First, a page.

Intermittent Fasting: The Facts
By Charlotte Foster BSc (Hons), MSc, RD
What is Intermittent Fasting?
Most diets focus on what to eat… but intermittent fasting is all about WHEN you eat!
With intermittent fasting, you only eat during a certain time period. This can be done in a number of different ways. The most common ways to do this is the 5/2 method where you calorie restrict on 2 days (usually 2 consecutive days) and then eat a balanced diet on the other remaining 5 days or the week, or the 16/8 method, whereby you fast for 16 hours and only eat during an 8-hour window throughout the day. Some people even go as far as a weekly 24 hour fast, but I would never recommend this! This basically means you will be eating dinner one night, and then not eating anything else until dinner the next day.
Many people argue that our bodies are practically made to survive and thrive by partaking in intermittent fasting, given that when humans were hunters and gatherers, our bodies evolved to go without food for many hours or even days. Whilst our bodies are indeed capable of doing this, now that we are no longer living in the prehistoric age – this isn’t exactly necessary!
However, it is true that a lot has changed since then! It is no longer so easy to maintain a healthy weight. 50 years ago, we didn’t spend our days working from home (30 seconds away from the fridge!), or spend our evenings sat down watching TV for hours. Being less active, as well as eating high calorie, fatty and sugary foods has made it more difficult to keep weight off.
Research has shown that intermittent fasting could be an effective way to combat extra calories and less activity – but I must stress that it is not the only way!
How Does it Work?
Whilst it is absolutely not unhealthy to eat 3 meals a day plus snacks, if you aren’t in a calorie deficit then you might be struggling to lose weight.
Even though there are lots of different ways that you can engage in intermittent fasting, they all work by the same principle. When you are consistently eating without enough activity, your body just burns the calories you have eaten. Therefore, intermittent fasting works because after going hours without food, your body will have already burnt through all of the calories from the last time you ate, so will start burning through your fat stores instead, in order to find energy.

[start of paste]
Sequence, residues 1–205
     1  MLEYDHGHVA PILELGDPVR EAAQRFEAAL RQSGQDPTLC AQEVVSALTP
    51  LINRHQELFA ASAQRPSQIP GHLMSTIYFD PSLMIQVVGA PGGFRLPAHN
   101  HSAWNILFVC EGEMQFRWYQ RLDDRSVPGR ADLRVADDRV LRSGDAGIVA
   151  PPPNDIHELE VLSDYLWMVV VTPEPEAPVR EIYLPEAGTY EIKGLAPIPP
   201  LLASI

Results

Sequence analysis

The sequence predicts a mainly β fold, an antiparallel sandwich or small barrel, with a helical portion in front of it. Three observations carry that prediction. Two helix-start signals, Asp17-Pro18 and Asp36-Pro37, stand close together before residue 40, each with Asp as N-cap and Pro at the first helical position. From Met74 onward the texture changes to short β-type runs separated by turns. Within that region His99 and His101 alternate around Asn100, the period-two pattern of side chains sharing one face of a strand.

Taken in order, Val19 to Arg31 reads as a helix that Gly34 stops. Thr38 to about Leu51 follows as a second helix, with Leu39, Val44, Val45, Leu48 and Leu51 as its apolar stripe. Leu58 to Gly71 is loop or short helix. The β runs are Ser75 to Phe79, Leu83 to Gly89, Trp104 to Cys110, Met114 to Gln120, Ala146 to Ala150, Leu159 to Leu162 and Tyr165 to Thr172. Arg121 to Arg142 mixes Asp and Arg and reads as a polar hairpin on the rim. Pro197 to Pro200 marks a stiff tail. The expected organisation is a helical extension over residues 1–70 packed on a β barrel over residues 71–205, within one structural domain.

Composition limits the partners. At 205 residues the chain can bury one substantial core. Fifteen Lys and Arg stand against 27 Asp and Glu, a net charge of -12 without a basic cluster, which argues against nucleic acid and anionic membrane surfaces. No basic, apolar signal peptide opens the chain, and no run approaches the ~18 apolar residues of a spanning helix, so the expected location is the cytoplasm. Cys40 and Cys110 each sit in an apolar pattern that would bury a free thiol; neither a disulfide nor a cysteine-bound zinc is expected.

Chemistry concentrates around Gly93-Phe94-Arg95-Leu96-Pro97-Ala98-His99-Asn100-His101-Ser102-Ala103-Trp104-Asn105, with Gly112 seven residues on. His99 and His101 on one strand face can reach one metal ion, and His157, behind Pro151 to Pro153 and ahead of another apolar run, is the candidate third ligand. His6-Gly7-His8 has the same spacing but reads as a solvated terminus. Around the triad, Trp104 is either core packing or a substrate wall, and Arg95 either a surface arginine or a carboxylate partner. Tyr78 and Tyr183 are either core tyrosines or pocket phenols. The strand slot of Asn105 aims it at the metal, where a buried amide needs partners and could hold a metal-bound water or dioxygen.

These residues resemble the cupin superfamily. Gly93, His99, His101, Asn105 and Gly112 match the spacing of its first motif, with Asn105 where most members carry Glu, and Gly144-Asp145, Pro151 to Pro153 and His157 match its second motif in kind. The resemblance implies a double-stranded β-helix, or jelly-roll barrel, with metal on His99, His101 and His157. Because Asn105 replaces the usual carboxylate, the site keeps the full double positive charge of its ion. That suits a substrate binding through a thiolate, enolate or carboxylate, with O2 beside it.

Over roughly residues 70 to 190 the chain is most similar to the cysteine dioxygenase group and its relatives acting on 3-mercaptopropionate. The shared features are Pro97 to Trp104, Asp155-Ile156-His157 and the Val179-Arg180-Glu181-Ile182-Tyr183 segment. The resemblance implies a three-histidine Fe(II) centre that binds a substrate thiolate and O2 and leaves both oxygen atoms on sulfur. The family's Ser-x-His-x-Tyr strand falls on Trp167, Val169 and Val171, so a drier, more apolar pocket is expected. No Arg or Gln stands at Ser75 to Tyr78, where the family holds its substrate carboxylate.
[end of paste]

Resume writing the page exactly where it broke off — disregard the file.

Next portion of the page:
What Are The Benefits?
Intermittent fasting has been proven to lead to weight loss. This could be to do with the fact that once your blood levels of insulin drop, it is easier for your body to burn fat. This could also be because you are eating within a smaller window throughout the day, so consuming less food in general (calorie deficit). Whilst there are many other bold health claims made, such as increased brain function, cancer prevention, reduced inflammation and cellular repair… there is little to no evidence suggesting that any of this is true. The only benefit that has been seen in clinical trials is weight-loss.
What Are The Negatives?
During trials, intermittent fasting has one of the highest dropout rates of all the different clinical diet trials. This is not surprising, because it really is so hard! Whilst it might sound easy to only eat within an 8-hour window, or just have 1 big meal per day, in reality this is much harder than you think. Symptoms that are commonly reported include headaches, faintness and nausea.
Is It Effective?
The reason intermittent fasting tends to work well for weight loss, is that by removing 1 or 2 meals per day, you actually put yourself into a calorie deficit.
It is so important to stress that intermittent fasting is NOT for everyone! Whilst it is proven to aid weight loss, the same weight loss can be achieved in easier ways. I absolutely would recommend sticking to your 3 meals a day and focusing on the nutritional content. If you are looking to lose weight, you should start engaging in label reading and opting for lower calorie options where possible. Instead of missing out meals, make sure you have a balanced diet full of wholegrains, fibre, lean proteins and healthy fats! In my opinion, this is the most sustainable way to lose weight.
If you are the type of person who can easily skip breakfast and just have a herbal tea, it might be right for you but if you are the type of person who feels faint and can’t concentrate after skipping breakfast… this is not the approach for you!
You should always consult a medical professional if you’re looking to engage in intermittent fasting, but if you have diabetes, a history of disordered eating, digestive problems or are pregnant/breastfeeding, I would stay well away from it.